Berlusconi, The Territorial Livestock Guardian Dog

Berlusconi the LGD at Work

With the prospect of literally spending thousands of dollars on animals in the next few months we’ve been researching the different options for protecting the livestock. The first line of defense will be permanent perimeter fencing. It helps keep predators out and our animals in, although it’s not foolproof. We’re using some fencing leftover from the prior owners and also putting up some new fence as needed. Predators will find a way to circumvent the fencing, no doubt. In order to deter them further we plan to have Livestock Guardian Dogs, or LGDs. Very simply, these are big dogs (normally white ones) that live outdoors with the animals and do what their name says, guard. The ability is genetic, although a certain amount of training and level of maturation is necessary for them to succeed. More to come on that later, but for now I wanted to share a story I was reminded of while researching our various dog options.

If you’ve read some prior posts you may have seen that we went on a transhumance with about 300 sheep on our honeymoon last summer. Walking with sheep through the remote mountains of Abruzzo requires protection for the flock. Bears are the primary culprits. Our shepherds used LGDs for flock protection. Our particular flock was guarded by a younger pup that was just learning the ropes (click for photo). At the end of the hike we met up with another flock of about 700 sheep on the top of a faraway mountain. They had the real deal older guard dogs.

One such dog was Berlusconi.

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Twenty Mile, Three Day Hike with 300 Sheep - You Call that a Honeymoon?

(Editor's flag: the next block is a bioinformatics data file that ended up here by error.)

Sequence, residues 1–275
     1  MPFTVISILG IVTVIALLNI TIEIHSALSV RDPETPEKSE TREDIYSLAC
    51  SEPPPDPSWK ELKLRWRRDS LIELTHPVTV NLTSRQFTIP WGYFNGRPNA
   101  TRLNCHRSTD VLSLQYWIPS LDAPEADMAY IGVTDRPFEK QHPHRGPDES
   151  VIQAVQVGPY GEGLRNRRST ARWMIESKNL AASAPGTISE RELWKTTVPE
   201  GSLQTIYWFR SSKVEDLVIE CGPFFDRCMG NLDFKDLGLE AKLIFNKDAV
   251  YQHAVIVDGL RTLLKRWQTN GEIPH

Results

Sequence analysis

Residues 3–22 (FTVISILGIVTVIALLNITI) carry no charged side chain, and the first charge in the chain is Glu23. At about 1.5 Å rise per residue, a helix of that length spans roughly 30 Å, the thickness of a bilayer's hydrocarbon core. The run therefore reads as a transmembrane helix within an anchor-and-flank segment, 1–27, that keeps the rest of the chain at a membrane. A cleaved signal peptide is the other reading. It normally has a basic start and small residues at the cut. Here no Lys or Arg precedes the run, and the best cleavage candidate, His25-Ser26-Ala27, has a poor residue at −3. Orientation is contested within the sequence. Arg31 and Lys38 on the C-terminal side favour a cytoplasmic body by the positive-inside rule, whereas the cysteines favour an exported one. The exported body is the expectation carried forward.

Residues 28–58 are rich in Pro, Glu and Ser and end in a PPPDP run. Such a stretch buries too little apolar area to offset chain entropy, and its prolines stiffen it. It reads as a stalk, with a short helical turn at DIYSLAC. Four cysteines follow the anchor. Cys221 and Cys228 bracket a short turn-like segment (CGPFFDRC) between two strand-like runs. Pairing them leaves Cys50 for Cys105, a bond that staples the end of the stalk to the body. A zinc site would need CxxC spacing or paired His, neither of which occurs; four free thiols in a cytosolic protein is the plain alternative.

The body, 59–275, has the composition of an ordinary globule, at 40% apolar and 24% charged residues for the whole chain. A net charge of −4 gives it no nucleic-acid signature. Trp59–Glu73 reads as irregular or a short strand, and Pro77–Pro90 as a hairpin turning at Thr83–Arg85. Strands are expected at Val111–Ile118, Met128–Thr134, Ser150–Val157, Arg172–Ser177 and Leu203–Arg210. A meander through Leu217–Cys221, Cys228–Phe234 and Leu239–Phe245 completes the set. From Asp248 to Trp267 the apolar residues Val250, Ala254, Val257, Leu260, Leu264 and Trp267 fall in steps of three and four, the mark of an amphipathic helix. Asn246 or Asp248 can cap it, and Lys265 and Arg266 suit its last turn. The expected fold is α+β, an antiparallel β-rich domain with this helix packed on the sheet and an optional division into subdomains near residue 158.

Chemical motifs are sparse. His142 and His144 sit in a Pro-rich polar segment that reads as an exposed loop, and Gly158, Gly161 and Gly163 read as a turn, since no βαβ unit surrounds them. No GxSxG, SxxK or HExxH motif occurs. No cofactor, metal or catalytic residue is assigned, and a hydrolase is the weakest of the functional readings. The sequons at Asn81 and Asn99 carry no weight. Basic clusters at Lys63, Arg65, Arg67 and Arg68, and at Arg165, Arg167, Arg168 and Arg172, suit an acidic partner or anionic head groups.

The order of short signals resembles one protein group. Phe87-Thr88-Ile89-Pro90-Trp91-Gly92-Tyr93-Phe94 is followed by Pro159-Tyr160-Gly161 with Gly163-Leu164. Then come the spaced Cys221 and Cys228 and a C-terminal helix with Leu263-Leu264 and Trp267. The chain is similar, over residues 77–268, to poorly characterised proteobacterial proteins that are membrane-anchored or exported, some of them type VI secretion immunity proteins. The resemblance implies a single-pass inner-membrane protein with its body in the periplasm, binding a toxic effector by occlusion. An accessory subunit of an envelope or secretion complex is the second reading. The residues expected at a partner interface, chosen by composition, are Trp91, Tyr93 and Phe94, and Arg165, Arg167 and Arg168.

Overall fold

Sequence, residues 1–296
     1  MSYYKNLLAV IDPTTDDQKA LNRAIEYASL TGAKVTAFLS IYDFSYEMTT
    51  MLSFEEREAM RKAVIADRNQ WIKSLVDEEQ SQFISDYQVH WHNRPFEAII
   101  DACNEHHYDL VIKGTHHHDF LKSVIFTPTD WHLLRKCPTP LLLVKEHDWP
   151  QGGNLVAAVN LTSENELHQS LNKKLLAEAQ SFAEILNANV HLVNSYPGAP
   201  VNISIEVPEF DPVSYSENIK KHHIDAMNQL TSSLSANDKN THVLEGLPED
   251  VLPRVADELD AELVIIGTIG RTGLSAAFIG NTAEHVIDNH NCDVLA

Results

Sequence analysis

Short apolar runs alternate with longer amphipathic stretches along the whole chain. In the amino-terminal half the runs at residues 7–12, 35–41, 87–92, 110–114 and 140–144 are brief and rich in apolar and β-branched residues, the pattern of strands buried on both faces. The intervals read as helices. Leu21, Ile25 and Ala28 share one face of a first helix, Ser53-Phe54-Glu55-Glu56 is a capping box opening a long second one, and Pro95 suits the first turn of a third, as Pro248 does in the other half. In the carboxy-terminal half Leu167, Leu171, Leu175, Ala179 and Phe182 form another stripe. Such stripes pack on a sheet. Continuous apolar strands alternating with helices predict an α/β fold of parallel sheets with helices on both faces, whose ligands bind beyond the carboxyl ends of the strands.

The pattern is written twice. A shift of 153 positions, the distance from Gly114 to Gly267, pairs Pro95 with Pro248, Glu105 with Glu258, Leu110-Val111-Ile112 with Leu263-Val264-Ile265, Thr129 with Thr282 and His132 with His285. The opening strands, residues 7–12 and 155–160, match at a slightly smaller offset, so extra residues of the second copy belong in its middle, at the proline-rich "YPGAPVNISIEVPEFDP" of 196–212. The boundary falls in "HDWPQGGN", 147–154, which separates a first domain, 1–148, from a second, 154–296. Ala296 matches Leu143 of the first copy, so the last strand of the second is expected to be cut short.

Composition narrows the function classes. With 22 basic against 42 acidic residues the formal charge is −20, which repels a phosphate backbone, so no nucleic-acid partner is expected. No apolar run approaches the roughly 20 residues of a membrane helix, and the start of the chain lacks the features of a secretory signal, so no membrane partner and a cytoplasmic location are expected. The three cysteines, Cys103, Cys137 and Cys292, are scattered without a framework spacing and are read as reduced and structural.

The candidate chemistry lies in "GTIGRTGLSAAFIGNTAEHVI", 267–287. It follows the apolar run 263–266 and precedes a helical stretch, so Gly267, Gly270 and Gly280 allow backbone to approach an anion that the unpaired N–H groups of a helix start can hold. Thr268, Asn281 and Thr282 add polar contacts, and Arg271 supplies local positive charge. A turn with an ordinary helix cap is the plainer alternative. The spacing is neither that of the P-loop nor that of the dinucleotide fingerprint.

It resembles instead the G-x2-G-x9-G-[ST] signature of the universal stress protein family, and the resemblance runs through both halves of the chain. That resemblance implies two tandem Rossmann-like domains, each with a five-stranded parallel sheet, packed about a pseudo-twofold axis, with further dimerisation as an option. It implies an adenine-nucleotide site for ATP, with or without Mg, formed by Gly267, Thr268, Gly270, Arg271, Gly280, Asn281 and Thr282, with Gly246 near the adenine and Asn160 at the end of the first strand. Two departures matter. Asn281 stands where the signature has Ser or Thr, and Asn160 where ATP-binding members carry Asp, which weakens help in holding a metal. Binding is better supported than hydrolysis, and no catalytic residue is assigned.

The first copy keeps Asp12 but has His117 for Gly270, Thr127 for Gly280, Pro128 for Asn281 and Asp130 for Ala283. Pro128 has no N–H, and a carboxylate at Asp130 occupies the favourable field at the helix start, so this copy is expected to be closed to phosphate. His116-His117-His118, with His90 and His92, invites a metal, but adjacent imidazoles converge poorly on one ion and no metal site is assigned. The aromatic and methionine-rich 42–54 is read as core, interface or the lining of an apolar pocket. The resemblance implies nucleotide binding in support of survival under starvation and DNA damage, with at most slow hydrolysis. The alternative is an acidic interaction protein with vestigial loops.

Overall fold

I can hardly believe that it’s already been a week since we were with the sheep. Anversa degli Abruzzi is a small town tucked neatly into the Sagittario Valley between the picturesque mountainsides of Abruzzo, Italy. It was our mission to take Nunzio Marcelli’s sheep flock from Anversa to the top of the mountains in Chiarano. It was a ~20 mile, three day journey, full of cured meats, aged cheeses, many gallons of wine, bottles of moonshine grappa, and 300 sheep friends that we will never forget. Click on the thumbnails to see a rough approximation of our route.  

Click each image to enlargeTranshumance RouteTranshumance is the ancient practice of moving ruminant animals to fresh pastures on a seasonal basis. Before feed could be imported to the farm, shepherds would walk with their animals to faraway pastures in order to graze at various times of the year (see our previous transhumance post). Nunzio Marcelli has been practicing this tradition for many years and has recently opened it up to visitors who would like to participate. Check out his site at for more information. Even if you can’t go on the transhumance you can still adopt-a-sheep! For the final three days of our honeymoon we decided to join him and his shepherds on the trip, it was a great decision.

The night before we set off on transhumance we celebrated with the townspeople of Anversa in a “Sagra degli Gnocchi del Pastore”, which is basically a Shepard style gnocchi-fest in the town piazza. The whole town of 300 was out in full effect. Tables lined the plaza streets,

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The Fading Art of Transhumance

Transhumance is the ancient process of seasonallt shepherding animals through large tracts of fresh pasture. Back before our animals were fed grain and kept inside warehouses or fenced in permanent dirt lots all day, shepherds would guide ruminant animals across public and private lands to consume forage at the optimal times of the year. In the summer the animals were brought to higher elevations as grasses and shrubs matured in the low country. Before humans came along animals would just do it themselves.

In Abruzzo we're staying at La Porta dei Parchi, which is owned and operated by Nunzio Marcelli and his team of farmers, shepherds and cheesemakers. We'll be participating in a couple days of transhumance starting tomorrow morning. We got a little practice yesterday morning with the goats and rams, check out the pictures below.

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